Just last night I woke up and walked by my mothers bedroom door and heard her talking to her self, so I sat there and listened for a good minute or two, and decided to open the door, I asked her, are you alright? she responded with “that’s what I was going to tell you”, I then said “do you know you were sitting in your room talking to yourself in the dark?” she proceeded to tell me “that’s what I wanted to tell you”, it seemed as if she was trying to ignore what I just said, so I asked her if she noticed it and she said “no”. She is always talking to herself in the shower and anytime that I have my door closed.
She is diagnosed bipolar, with schizophrenia (from what I recall being told) she was hospitalized a while back and released, I also noticed when she gets angry with me she gets so angry that she wants to break things and scream over the very littlest things. And then she goes to smoke and talks to our neighbors as if nothing happened at all… I am in need of an opinion of whether or not I should seek getting help for her.
A. Yes, your mother needs to be evaluated by a physician and a mental health professional. A physician can rule out medical problems. A mental health professional could help to determine if she is experiencing a relapse. It is not normal to hear voices. It may be a sign of psychosis, which in your mother’s case may be indicative of a relapse. Psychosis is associated with multiple mental health disorders but mainly bipolar disorder and schizophrenia.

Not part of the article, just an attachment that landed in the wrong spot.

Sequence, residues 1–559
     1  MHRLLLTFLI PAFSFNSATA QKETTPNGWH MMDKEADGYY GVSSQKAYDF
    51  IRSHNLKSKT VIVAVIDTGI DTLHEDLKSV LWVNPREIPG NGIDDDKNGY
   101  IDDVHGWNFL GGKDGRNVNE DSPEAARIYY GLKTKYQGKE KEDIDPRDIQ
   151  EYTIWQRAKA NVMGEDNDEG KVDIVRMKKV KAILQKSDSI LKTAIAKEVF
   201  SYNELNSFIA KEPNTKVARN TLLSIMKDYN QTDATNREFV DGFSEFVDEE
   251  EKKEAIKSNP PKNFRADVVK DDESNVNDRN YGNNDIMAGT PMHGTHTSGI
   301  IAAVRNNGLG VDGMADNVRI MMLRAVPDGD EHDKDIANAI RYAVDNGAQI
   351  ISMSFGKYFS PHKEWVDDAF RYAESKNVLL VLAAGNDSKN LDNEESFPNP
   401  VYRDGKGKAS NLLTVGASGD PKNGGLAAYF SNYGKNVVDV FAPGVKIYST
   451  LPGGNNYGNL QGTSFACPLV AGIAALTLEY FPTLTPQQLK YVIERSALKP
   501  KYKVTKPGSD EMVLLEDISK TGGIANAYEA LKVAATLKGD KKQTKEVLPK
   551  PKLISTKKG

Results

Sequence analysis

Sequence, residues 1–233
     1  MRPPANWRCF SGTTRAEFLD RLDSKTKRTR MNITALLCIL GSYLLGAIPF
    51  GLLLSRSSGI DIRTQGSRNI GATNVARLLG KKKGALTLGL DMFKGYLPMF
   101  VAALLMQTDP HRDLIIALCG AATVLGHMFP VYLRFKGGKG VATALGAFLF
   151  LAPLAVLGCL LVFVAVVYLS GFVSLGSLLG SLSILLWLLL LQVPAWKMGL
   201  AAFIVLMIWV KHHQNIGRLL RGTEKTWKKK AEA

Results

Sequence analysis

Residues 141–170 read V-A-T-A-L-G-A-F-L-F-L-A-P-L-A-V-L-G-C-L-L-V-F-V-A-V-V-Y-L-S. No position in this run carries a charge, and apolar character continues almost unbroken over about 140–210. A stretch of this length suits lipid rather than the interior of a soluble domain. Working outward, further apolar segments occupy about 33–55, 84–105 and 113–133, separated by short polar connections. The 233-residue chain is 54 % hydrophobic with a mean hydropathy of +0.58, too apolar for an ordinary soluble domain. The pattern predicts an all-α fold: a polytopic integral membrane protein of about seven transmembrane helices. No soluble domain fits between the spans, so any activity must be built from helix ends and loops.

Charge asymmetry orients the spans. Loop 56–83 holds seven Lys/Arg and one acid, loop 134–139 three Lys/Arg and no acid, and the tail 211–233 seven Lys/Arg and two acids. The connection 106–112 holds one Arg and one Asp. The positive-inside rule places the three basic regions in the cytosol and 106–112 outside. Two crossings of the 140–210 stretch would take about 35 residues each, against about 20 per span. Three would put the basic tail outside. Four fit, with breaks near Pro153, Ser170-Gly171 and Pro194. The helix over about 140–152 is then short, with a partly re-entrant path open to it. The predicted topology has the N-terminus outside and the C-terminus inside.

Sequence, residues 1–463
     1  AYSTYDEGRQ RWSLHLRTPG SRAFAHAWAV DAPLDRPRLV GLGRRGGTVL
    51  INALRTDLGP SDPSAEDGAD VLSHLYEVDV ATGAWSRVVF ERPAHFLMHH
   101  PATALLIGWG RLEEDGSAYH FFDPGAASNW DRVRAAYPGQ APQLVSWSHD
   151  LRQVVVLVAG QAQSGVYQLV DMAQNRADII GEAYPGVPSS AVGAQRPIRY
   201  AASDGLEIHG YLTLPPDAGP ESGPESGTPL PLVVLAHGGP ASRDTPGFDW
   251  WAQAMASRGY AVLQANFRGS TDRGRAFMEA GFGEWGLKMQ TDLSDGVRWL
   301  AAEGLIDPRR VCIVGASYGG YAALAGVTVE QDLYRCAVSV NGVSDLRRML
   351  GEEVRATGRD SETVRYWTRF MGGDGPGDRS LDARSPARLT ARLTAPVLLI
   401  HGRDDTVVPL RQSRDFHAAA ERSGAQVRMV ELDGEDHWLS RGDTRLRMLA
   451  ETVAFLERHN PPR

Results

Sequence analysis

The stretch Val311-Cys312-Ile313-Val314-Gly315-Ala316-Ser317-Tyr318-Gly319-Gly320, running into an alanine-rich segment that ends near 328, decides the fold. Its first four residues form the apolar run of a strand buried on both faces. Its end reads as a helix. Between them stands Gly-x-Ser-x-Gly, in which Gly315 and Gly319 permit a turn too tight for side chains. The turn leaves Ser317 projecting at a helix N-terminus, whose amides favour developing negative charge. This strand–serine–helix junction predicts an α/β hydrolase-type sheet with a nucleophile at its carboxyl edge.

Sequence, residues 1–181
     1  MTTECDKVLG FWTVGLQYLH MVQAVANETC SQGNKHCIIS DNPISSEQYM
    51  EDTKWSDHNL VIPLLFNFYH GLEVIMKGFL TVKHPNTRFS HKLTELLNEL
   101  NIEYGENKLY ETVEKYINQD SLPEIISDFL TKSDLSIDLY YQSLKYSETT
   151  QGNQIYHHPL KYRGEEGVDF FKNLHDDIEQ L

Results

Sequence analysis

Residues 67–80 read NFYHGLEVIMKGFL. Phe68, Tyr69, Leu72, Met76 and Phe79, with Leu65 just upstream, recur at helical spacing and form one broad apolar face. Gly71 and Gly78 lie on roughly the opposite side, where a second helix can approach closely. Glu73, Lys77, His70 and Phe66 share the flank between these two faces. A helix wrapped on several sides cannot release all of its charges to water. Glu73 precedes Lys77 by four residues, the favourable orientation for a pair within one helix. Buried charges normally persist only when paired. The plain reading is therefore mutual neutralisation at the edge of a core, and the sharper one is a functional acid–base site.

In the case of psychosis, “time is of the essence.” Generally, symptoms of psychosis become more severe and more pronounced over time. It is unlikely that her symptoms will simply go away. Intervention is often required to decrease or stop the worsening of a psychotic episode.
Hopefully, your mother is willing to seek treatment. If she is unwilling, then you may have to try to force her into treatment. That is an unfortunate circumstance that too many families face.
Escort her to the appointment or the hospital if possible. It is important to report the symptoms that you have witnessed, even if she will not allow you to be in the room while she is undergoing an evaluation. She may not be willing or able to report her symptoms accurately. The more information that the doctors have about her condition, the better they will be able to treat her condition. I hope that your mother is able to get the proper help. I wish you the best. Please take care.
Dr. Kristina Randle
Last reviewed: By John M. Grohol, Psy.D. on 2 Nov 2011
Randle, K. (2011). Mother Talking To Herself: Does She Need Help?. Psych Central. Retrieved on May 20, 2013, from http://psychcentral.com/ask-the-therapist/2011/11/02/mother-talking-to-herself-does-she-need-help/